SA music star opens up
HARARE – Singing South African sensation Ntando Bangani who was set to thrill music-lovers at the Book Cafe yesterday said growing up without friends led him to befriend the home’s piano.
In an exclusive interview during Friday night’s Cultural Encounters, organised by Book Cafe, Ntando said while he came from a poor background, he took comfort in the church and the spiritual guidance that came out of the Christian ministry.
“I grew up in a strict family set-up with all the family being Christian. Church going was the order of day and the whole family sang in church,” said the youthful singer who only on Thursday celebrated his birthday but refused to say his exact age.
As he grew up, he loved playing football more than anything else. “My passion was football but unfortunately I fractured my leg. During winter I feel the leg’s pain. It is then that after finishing my matric I decided to try music. It worked.”
Ntando was hopeful that his son would play soccer. “Maybe my son will play football. I wish he could because it was something I could do and do it perfectly.”
The music star has two kids. “But I am not married. Actually that is the other reason I am in Zimbabwe…”
Growing up in South Africa’s ghetto, he learnt life early. “My parents were so strict that I had no friends. I only took comfort in the piano we had at home. I do not regret going through all that because the strict upbringing shaped my destiny.”
Born in a family of five, with one of his sisters being late, Ntando said none of his family members is into commercial music.
“They all claim to be singers, but I do not think so. Maybe I inspire them.”
The musician is inspired by music legends like Miriam Makeba. “I am inspired by many great South African musicians who are too many to mention. Makeba stands out high though.”
This was the second time that Ntando has visited Zimbabwe. “While this is my second time here, it feels like home. It is like being in South Africa.”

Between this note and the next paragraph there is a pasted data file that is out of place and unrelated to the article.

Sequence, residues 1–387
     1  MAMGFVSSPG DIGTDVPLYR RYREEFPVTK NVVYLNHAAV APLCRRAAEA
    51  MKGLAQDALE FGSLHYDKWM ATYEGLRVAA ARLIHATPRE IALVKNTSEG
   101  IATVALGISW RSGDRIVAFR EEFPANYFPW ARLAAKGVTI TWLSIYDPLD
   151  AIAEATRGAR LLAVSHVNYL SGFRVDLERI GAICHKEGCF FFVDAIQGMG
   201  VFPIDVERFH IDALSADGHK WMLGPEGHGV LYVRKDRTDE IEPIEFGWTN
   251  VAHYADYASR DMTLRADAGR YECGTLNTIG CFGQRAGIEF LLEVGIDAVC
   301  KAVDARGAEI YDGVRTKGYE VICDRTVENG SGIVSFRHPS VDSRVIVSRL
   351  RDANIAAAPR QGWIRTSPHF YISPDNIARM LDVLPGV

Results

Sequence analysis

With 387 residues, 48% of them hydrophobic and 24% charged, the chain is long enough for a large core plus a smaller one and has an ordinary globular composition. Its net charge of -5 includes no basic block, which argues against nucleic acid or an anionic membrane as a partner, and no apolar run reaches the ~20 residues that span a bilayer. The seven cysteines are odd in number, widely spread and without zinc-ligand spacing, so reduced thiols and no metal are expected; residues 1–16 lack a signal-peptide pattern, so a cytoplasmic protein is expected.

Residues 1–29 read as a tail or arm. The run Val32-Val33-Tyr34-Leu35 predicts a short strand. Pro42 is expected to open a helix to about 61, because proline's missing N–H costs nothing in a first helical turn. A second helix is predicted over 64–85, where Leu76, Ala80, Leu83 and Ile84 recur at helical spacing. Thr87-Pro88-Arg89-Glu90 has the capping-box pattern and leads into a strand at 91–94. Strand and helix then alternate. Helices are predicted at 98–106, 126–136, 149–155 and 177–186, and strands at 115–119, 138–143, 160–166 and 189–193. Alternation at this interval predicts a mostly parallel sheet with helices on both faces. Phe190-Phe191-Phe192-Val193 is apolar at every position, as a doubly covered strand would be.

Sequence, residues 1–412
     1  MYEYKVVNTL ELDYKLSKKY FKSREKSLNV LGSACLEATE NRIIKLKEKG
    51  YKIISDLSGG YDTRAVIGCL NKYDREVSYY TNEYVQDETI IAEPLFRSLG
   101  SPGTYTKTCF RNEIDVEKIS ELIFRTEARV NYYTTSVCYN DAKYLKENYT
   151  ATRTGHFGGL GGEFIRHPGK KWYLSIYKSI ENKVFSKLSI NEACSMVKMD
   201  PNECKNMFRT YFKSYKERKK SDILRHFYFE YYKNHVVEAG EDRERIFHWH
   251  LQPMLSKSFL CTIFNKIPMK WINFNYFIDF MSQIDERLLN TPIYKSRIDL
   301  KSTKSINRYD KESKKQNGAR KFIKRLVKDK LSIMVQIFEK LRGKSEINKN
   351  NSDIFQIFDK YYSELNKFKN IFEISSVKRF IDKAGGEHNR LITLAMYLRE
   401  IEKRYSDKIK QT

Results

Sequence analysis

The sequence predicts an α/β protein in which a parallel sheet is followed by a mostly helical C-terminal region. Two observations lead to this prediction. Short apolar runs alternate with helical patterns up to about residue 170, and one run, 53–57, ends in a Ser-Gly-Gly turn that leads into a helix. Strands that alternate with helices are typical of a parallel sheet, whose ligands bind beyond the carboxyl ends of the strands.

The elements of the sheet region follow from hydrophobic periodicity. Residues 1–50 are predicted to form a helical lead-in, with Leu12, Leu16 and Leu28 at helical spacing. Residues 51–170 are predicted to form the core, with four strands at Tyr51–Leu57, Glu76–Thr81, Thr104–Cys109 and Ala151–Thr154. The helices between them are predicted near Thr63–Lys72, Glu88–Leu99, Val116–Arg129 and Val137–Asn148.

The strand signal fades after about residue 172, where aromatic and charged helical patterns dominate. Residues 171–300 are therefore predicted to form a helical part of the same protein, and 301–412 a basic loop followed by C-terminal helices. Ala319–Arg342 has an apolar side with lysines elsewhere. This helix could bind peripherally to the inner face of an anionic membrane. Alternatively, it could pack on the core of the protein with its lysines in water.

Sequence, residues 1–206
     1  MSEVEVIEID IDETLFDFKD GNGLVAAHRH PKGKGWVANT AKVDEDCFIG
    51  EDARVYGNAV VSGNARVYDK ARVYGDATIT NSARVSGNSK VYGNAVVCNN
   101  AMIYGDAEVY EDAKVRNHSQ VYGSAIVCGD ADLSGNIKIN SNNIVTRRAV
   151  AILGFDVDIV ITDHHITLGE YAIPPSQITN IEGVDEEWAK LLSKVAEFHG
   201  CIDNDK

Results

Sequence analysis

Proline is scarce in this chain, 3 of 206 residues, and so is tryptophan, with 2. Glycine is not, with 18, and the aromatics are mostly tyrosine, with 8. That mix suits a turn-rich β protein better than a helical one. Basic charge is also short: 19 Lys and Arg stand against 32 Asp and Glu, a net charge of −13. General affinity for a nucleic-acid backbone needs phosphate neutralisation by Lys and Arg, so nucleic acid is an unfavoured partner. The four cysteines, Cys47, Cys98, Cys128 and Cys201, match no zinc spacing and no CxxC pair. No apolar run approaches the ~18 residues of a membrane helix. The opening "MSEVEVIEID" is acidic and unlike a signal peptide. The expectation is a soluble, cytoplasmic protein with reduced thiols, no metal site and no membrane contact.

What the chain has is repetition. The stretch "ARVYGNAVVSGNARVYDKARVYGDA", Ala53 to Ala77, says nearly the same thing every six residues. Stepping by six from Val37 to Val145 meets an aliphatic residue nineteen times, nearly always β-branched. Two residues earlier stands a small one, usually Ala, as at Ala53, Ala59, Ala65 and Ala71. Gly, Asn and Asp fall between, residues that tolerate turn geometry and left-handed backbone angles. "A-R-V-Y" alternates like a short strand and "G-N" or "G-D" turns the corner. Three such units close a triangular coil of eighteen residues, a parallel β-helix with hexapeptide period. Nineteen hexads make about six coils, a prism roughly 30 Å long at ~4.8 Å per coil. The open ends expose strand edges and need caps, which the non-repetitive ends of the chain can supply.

The multi-platinum selling performer, who blends afro-pop, soul, reggae and township jazz was set to collaborate with Zimbabwe’s own music star,Alexio Kawara with a performance slated for yesterday.
Ntando and Alexio’s collaboration is part of a larger project by Pamberi Trust, together with African Synergy Trust (SA) and it is partners Pro Helvetia, the Swiss Agency for Development and Cooperation and the Doen Foundation.
Ntando will work with Alexio and his band, Shades of Black to fuse the Ntando and Alexio vibe.
This unprecedented collaboration promises to be a truly unique and exciting performance.
“I hope the chemistry works as it has always. We will be working collaborations with Alexio with a future look, of course, of possible duet recordings,” said Ntando.
Ntando has been writing and performing his own music since he was a teenager.
A musical prodigy, his second album Imvelaphi was a triple-platinum smash winning several awards including “song of the year” for his chart-topping single Dali Wami.
His long-awaited fourth album, Inqubela, is a sublime piece of classic, timeless Afro-pop packed full of hits including Ubolalela and Njalo.
A soulful singer, this dread-locked heartthrob was about to take Harare by storm.
His music is deep in the Zulu tradition, (he often wears traditional costume) and his songs are heartfelt expressions of love and loss.
A frequent collaborator with South African artistes such as Mafikizolo, Ringo and Bricks, Ntando sings about romance and has a deeply moving voice from years of practice singing to packed audiences.
The October International Jazz Festival ran from October 17 to 21 with performances scheduled at The Book Cafe, The Italian Club and Celebration Centre.